Photo of sugar cubes
Added sugar, even in an otherwise 'healthy' diet, can lead to a cascade of health problems

New study reveals sugar’s toxic legacy

19 August, 2013

Natural Health News — A new study shows just how toxic the ‘average’ intake of sugar can be over the longer-term.

When mice ate a diet of 25% extra sugar – the mouse equivalent of a healthy human diet plus three cans of soda daily – both females and males developed health and behavioural problems that mirror those seen in the human population.

“Our results provide evidence that added sugar consumed at concentrations currently considered safe exerts dramatic adverse impacts on mammalian health,” the researchers from the University of Utah say in a study published in the journal Nature Communications.

“This demonstrates the adverse effects of added sugars at human-relevant levels,” says University of Utah biology professor Wayne Potts, the study’s senior author. He says previous studies using other tests fed mice large doses of sugar disproportionate to the amount people consume in sweetened beverages, baked goods and candy.

Real world tests

The scientists developed a particularly sensitive test that was able to measure changes in the animals’ health and behaviour.

Even though the mice didn’t become obese and showed few metabolic symptoms, the results showed “they died more often and tended to have fewer babies,” added co-author, James Ruff, PhD. “We have shown that levels of sugar that people typically consume – and that are considered safe by regulatory agencies – impair the health of mice.”

The new toxicity test placed groups of mice in room-sized pens nicknamed “mouse barns” with multiple nest boxes – a much more realistic environment than small cages, allowing the mice to compete more naturally for mates and desirable territories, and thereby revealing subtle toxic effects on their performance.“This is a sensitive test for health and vigour declines,” Potts says

A ‘normal’ diet for most Americans

Potts says the National Research Council recommends that for people, no more than 25% of calories should be from “added sugar,” which means “they don’t count what’s naturally in an apple, banana, potato or other non-processed food… The dose we selected is consumed by 13% to 25% of Americans.”

The diet fed to the mice with the 25% sugar-added diet is equivalent to the diet of a person who drinks three cans daily of sweetened soda pop “plus a perfectly healthy, no-sugar-added diet,” Potts says.Ruff notes that sugar consumption in the American diet has increased 50% since the 1970s, accompanied by a dramatic increase in metabolic diseases such as diabetes, obesity, fatty liver and cardiovascular disease.

The findings

Of course, mice aren’t humans, but say the scientists, their response to sugar is very like ours and the sensitivity of the test suggests that we should be looking for more subtle problems associated with added sugars in our diets.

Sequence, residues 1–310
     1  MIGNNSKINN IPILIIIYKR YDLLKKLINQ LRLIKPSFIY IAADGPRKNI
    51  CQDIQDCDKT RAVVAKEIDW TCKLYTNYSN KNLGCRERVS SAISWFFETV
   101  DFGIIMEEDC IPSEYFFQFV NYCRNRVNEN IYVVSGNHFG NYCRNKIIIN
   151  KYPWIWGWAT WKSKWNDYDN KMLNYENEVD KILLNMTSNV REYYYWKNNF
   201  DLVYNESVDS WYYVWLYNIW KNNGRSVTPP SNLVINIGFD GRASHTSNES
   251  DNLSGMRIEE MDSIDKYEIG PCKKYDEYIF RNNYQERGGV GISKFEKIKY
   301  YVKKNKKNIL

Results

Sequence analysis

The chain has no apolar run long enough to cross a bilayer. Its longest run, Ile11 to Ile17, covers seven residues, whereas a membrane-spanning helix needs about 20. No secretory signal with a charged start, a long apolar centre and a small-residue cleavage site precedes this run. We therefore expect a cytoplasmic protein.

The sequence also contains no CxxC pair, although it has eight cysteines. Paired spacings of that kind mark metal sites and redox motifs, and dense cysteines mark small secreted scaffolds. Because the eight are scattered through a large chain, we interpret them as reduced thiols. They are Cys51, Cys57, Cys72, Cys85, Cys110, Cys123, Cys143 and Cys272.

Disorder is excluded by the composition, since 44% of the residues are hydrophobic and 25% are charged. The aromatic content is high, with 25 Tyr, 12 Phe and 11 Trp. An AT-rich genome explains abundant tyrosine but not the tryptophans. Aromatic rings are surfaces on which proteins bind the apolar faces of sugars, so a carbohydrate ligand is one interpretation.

“Our test shows an adverse outcome from the added-sugar diet that couldn’t be detected by conventional tests,” Potts says. Specifically:

  • After 32 weeks in the naturalistic mouse barns, 35% of the females fed extra sugar died – twice the death rate for female control mice. There was no difference in the 55% death among males who did and did not get added sugar. Ruff says males have much higher death rates than females in natural settings because they compete for territory, “but there’s no relation to sugar.”
  • Males on the added-sugar diet produced 25% fewer offspring than control males, as determined by genetic analysis of the offspring. The sugar-added females had higher reproduction rates than controls initially – likely because the sugar gave them extra energy to handle the burden of pregnancy. But then had lower reproductive rates as the study progressed, partly because they had higher death rates linked to sugar.
  • Males on the added-sugar diet acquired and held 26% fewer territories than males on the control diet: control males occupied 47% of the territories while sugar-added mice controlled less than 36%.

The researchers studied another group of mice for metabolic changes. In this group cholesterol was elevated in sugar-fed mice, and the ability to clear glucose from the blood was impaired in female sugar-fed mice. The study found no difference between mice on a regular diet and mice with the 25% sugar-added diet when it came to obesity, fasting insulin levels, fasting glucose or fasting triglycerides.

In response to the study Potts said “I have reduced refined sugar intake and encouraged my family to do the same.”



  • To learn a bit more about sugar’s influence on health, you might be interested in the University of California TV video Sugar – the Bitter Truth (link left). Although long (1.5 hours) this lecture by Robert H. Lustig, MD, UCSF Professor of Pediatrics in the Division of Endocrinology, argues that fructose (too much) and fibre (not enough) appear to be cornerstones of the obesity epidemic through their effects on insulin.
  • Dr. Lustig’s book, Fat Chance: Beating the Odds Against Sugar, Processed Food, Obesity, and Disease is also worth reading